Is the (Tea) Party Over?

Mostly, yes.  On election night, before any results come in, I feel confident in saying that the influence of the Tea Party as a mass movement peaked 6-8 weeks ago, with the end of the primary season. The Tea Party movement is one of the most attractive stories of the year: populist revolt against intrusive government, mobilizing previously dormant constituencies, and shaking up the political process.  It’s such an attractive story that it will be told over and over again, even if it’s only a (tiny) part of the truth.

Important elections came relatively early in the Tea Party’s development, confronting activists with the dilemmas Madison built into the Constitution.  Frequent elections, and lots of them at lots of levels, mean that there is almost always the promise of affecting influence by channeling your efforts through the electoral system.  Madison’s insight was that government became more stable when you brought conflict into it.

But that system, as Madison argued, promotes moderation.  Seeking majorities in single-member districts, candidates play to the center of the district (or state), and activists have to decide how much to compromise their ideals in pursuit of a victory.

Once elected, politicians have to compromise with others elected by different districts in order to get anything done.  At the grassroots, activists again have to come to terms with sacrificing purity for pragmatic gains on matters of policy.

In the primaries, where turnout is low and passion is a value, the Tea Party exercised serious influence.  A very passionate minority can sway such elections, and some of those Tea Party victors will win office tonight.   The Senate contests in Alaska, Colorado, Utah, Nevada, and Delaware were shaped by the Tea Party movement; you can credit or blame them for the results.

But this election is more about the recession and near 10 percent unemployment than anything else.  Political scientists using the simplest models were predicting massive Democratic losses in the House months ago, as Michael Wagner points out.  (Thanks to Maryann Barakso for the reference.)  The Tea Party offers a more colorful and contingent way of working through the election results tonight.  It’s just not as good an explanation.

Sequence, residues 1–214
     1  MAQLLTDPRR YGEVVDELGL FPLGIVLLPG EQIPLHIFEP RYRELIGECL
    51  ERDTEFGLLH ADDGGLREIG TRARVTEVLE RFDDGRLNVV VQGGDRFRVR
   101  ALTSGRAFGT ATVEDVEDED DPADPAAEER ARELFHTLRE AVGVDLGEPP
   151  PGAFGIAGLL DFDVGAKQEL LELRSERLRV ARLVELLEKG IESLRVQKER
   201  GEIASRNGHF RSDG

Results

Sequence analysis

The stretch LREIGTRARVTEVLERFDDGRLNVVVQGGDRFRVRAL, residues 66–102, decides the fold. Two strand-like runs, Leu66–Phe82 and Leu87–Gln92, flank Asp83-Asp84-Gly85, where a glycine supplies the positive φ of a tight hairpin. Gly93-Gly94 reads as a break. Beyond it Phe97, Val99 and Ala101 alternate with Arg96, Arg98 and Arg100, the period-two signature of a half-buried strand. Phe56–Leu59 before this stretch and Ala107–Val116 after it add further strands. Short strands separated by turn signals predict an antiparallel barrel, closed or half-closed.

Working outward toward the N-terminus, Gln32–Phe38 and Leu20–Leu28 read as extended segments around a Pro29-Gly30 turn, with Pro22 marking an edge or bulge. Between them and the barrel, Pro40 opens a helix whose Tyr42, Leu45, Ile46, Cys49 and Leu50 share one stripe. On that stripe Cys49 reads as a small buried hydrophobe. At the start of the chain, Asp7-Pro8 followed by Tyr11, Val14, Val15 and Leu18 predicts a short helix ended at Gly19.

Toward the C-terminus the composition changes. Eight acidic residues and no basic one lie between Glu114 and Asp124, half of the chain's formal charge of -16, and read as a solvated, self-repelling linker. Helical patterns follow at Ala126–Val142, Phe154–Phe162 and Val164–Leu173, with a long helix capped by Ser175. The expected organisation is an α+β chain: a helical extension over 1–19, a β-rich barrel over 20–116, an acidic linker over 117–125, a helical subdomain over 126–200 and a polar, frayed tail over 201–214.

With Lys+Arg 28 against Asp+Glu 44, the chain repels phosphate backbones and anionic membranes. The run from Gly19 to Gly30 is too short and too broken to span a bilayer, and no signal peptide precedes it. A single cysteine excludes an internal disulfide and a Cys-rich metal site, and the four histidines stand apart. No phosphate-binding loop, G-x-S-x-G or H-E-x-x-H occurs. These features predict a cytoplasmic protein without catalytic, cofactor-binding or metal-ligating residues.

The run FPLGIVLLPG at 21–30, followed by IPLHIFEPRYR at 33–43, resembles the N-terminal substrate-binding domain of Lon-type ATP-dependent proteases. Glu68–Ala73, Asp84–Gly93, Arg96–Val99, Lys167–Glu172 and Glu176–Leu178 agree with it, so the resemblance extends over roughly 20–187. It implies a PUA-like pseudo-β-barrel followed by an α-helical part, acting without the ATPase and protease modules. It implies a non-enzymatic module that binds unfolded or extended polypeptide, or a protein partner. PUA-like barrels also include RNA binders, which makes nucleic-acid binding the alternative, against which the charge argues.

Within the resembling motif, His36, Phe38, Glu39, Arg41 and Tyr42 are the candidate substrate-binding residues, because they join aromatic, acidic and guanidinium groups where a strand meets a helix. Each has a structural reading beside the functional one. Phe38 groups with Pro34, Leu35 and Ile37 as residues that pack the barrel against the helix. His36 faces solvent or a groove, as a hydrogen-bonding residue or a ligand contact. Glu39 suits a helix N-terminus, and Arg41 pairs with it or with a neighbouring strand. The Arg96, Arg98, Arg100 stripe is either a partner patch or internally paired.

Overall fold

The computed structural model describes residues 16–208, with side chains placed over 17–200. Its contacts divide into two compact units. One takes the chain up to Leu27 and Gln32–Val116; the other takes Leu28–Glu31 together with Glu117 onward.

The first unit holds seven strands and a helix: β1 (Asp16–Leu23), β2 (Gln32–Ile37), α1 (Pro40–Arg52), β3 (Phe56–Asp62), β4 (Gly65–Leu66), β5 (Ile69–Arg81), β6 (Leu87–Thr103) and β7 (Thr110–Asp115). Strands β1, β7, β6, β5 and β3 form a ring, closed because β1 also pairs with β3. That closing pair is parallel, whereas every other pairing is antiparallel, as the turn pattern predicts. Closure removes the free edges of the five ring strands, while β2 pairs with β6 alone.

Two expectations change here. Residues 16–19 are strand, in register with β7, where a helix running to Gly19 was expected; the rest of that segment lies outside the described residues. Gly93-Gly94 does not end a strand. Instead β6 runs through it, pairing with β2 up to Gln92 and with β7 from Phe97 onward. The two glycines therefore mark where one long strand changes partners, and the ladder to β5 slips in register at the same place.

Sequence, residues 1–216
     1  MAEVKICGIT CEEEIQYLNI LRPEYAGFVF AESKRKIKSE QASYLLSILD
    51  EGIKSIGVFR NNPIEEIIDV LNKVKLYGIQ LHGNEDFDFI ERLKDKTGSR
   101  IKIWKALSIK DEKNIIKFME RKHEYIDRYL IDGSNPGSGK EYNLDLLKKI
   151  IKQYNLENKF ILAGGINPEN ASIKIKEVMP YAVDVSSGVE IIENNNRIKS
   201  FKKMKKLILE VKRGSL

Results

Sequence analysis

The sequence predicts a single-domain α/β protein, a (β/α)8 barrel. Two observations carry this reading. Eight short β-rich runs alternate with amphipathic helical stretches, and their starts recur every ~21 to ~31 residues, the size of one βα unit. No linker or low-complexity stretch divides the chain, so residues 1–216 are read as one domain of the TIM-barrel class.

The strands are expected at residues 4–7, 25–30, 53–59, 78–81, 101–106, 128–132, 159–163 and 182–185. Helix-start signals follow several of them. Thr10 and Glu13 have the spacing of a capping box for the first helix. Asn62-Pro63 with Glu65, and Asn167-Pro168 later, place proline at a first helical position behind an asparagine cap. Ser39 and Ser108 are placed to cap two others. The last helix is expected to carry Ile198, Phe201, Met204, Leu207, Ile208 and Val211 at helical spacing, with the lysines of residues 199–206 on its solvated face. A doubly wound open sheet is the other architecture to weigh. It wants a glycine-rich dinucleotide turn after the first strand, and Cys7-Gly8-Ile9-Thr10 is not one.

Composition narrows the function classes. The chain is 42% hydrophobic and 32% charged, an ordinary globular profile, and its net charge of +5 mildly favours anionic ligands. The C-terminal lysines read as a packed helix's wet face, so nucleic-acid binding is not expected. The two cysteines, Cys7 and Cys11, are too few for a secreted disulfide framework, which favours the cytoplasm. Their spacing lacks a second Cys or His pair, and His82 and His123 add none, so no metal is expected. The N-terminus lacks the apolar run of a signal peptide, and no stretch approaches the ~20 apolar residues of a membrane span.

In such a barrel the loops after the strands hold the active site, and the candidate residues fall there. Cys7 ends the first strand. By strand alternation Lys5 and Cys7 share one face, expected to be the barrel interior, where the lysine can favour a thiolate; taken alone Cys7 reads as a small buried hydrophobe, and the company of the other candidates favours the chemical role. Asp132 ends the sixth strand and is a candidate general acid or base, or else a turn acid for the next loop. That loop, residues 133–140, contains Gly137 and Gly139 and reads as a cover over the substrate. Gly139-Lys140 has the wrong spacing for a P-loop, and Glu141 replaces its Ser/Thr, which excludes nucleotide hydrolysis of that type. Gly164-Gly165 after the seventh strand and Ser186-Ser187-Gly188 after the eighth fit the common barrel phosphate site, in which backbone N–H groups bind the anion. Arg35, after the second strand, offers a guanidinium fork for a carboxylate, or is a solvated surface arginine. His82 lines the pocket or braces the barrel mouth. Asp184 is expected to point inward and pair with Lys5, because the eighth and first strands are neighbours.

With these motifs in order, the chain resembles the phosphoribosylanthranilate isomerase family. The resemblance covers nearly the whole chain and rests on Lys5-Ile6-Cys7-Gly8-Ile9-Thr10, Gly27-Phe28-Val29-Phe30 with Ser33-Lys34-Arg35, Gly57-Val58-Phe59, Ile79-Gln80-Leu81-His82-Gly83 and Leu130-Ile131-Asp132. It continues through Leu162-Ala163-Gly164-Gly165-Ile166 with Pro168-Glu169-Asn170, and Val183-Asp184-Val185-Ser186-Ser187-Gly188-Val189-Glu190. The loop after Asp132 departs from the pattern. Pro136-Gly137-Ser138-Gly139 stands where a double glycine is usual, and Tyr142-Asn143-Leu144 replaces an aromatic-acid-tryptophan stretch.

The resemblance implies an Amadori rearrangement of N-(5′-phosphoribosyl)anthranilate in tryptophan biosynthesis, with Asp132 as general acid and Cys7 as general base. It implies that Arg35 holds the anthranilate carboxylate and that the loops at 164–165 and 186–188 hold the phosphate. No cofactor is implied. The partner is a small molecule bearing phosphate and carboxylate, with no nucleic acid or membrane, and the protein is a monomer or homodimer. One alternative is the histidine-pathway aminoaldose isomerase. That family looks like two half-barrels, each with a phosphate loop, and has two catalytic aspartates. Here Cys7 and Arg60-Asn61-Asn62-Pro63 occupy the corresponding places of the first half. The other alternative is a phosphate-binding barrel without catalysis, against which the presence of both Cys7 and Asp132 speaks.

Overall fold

The better the Republicans do tonight, the rougher it will be for the true Tea Partiers.  Most Republicans want to win elections, organize majorities, and make policy, and are willing to compromise to do it.  The Republican leadership has already promised to sell out the Tea Party in its Pledge to America.  They wanted to say something to the Tea Party, but avoid saying anything specific enough that it might fracture a broad electoral majority.  Predictably, it engendered ridicule from the Tea Party base.  As Erick Erickson blogged at Red State:

These 21 pages tell you lots of things, some contradictory things, but mostly this: it is a serious of compromises and milquetoast rhetorical flourishes in search of unanimity among House Republicans because the House GOP does not have the fortitude to lead boldly in opposition to Barack Obama.

I have one message for John Boehner, Eric Cantor, and the House GOP Leadership: If they do not want to use the GOP to lead, I would like to borrow it for a time.

Yes, yes, it is full of mom tested, kid approved pablum that will make certain hearts on the right sing in solidarity. But like a diet full of sugar, it will actually do nothing but keep making Washington fatter before we crash from the sugar high.

It is dreck — dreck with some stuff I like, but like Brussels sprouts in butter. I like the butter, not the Brussels sprouts. Overall, this grand illusion of an agenda that will never happen is best spoken of today and then never again as if it did not happen. It is best forgotten.

The election of a few true believers will not change the Republican leadership, nor more significantly, the electoral and funding constituency any set of Republican leaders will continue to need.  They will have to take positions on divisive issues the Tea Party has mostly avoided, including the role of social conservatives (anathema to libertarians) and foreign policy (Rand Paul’s stance on Afghanistan isn’t notably different from his father’s, and that was a non-starter for the Republican mainstream).  A Republican leadership concerned about winning elections will gesture to the radicals in the Tea Party rhetorically, and tack toward the mainstream where there are more votes.  (Jacob Weisberg makes this case clearly at Slate.)

So what will the Tea Partiers do?  The Tea Partiers have never rallied behind a clear agenda–beyond stopping President Obama’s initiatives.  The closer the Republicans come to running something, the more they will have to move beyond opposition to an agenda–and every initiative has the potential of fracturing their coalition.  And at the grassroots–and in the Tea Party organizations, some will swallow hard and endorse the party.  Others will grow disaffected and go home.  Still others will take the issues they care most about and continue to push them.  It’s not that it won’t matter, but it won’t be much of a party.

(More to come.)

 

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About David S. Meyer

Author and professor of Sociology and Political Science at the University of California, Irvine
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